Study: Do Ice Cream and Cheese Up Risk for Breast Cancer Mortality?

By Posted on foods like ice cream, regular cheese and whole milk are high in fat and saturated fat, linked to an increased risk for heart disease. There is little evidence that total dietary fat affects cancer risk, but it is less clear whether specific high fat foods or types of fats affect cancer risk.

Now, a new study published in the Journal of the National Cancer Institute suggests that, for breast cancer survivors, consuming high fat dairy foods may be related to an increased risk of breast cancer mortality.

The researchers followed 1893 women diagnosed with early-stage invasive breast cancer who were enrolled in the Life After Cancer Epidemiology (LACE) study. The participants completed food frequency questionnaires, including how much dairy they consumed, when they entered the study and in 6 year follow-up surveys. In this study median follow-up was 11.8 years.

In the study, women who consumed the most high-fat dairy foods (more than 1 serving/day) had a 49 per cent increased risk of dying from breast cancer compared to those who consumed the least amount of high-fat dairy (less than one-half serving/day). The researchers adjusted for many factors including smoking, BMI, physical activity, age, cancer stage, and meat, fiber and alcohol consumption.

Low-fat dairy and overall dairy intake did not link to breast cancer recurrence or breast cancer survival.

The authors suggested that estrogenic hormones in milk fat may be one reason that high fat dairy would link to poorer breast cancer outcomes. Exposure to estrogens is a major risk factor for breast cancer.

The researchers noted that this is the first study to look at the connection specifically between high-fat dairy products and breast cancer recurrence and survival and that future studies in larger cohorts are important to confirm this finding.

The AICR/WCRF Continuous Update Project Breast Cancer Report found only limited evidence of a link between milk and dairy products and risk for breast cancer. Factors found to increase breast cancer risk are body fatness (for post-menopausal breast cancer) and alcohol. Physical activity and lactation protect against breast cancer.

There are already good reasons to limit how much ice cream, regular cheese and whole milk you consume. These foods contain a lot of calories per bite, making it easier to eat too many calories that may lead to unwanted weight gain. Overweight and obesity is linked to higher risk for seven cancers, including post-menopausal breast.

Dairy foods are an excellent source of calcium and vitamin D, but you can choose nonfat and 1% milk, yogurt and cottage and reduced fat cheeses as a way to keep calories lower and limit how much saturated and dairy fat you consume.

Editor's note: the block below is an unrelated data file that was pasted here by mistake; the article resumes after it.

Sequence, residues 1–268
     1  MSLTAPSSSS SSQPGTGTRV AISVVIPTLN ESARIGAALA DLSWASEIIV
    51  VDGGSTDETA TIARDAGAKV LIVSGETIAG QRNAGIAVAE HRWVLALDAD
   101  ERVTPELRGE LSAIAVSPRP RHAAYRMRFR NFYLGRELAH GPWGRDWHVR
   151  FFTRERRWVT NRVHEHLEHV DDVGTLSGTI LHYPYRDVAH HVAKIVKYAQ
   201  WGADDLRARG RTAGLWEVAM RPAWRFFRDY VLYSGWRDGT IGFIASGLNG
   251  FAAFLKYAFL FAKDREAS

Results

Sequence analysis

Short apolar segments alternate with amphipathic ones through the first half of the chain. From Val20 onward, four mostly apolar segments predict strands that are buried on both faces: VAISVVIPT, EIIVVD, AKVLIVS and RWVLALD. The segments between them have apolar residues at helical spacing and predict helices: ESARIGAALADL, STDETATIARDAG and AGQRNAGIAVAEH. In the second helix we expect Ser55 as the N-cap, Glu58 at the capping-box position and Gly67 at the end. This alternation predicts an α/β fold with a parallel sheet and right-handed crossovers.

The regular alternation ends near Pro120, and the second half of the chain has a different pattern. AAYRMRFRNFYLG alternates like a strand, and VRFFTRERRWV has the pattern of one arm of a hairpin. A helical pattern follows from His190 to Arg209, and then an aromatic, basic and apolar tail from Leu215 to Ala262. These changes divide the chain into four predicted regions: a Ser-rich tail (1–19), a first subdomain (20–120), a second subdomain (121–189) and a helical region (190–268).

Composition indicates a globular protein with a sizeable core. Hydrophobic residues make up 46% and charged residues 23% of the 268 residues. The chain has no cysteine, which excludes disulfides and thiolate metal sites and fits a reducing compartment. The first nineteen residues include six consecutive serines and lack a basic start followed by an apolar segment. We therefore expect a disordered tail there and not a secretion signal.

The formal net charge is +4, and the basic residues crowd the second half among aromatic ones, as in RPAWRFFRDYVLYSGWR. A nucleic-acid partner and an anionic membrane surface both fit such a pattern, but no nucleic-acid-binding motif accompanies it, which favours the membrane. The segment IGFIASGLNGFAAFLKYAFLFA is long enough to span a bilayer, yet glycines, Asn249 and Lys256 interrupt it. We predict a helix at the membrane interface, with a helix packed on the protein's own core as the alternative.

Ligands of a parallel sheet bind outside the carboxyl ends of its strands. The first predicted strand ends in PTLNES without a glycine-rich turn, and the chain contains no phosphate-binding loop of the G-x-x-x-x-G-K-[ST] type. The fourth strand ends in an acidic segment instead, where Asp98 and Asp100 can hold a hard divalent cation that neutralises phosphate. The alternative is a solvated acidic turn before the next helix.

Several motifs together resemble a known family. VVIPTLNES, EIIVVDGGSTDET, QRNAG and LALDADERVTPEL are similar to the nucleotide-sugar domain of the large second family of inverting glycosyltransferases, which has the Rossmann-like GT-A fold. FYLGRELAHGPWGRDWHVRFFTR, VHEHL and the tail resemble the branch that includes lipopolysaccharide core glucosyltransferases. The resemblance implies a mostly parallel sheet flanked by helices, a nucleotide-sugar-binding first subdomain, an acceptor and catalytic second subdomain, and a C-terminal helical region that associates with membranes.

If you don’t include dairy in your diet, good substitutes include calcium and vitamin D fortified plant-based milks and related products, like soy milk or almond milk.


Author: Alice RD

Alice G. Bender, MS, RDN, is the Director of Nutrition Programs at AICR. She helps put the science of cancer prevention into action by providing tips and tools to choose nutritious and delicious foods. Alice has guided thousands of individuals to healthier lives through diet changes and choices.

4 thoughts on “Study: Do Ice Cream and Cheese Up Risk for Breast Cancer Mortality?”

  1. Is Organic Milk, Ice Cream , and Chicken safer than all other items in the grocery store , if you use them for substitutes and cook wisely. My mom is diabetic and has lost a lot of weight they suggested milkshakes for a good snack to help to stimulate her appetite.

  2. I am reading the China Study and some of the information about dairy seems to be contradictory. You are saying that Dairy is an excellent source of calcium which is true however 1. is dairy acidic and 2. What about casein and links to cancer?

    1. Hi Scott,
      I’ve written about the acid/alkaline diet concerns on a previous blog and that has more info than I can post on a comment:
      As for casein and links to cancer the AICR/WCRF expert report and continuous updates so far find that evidence on casein and cancer risk (that meets the systematic literature review criteria) is too limited to evaluate.
      Calcium/dairy and cancer risk is complicated – here is some information on calcium and cancer risk:

      Thanks for your question and for your interest.

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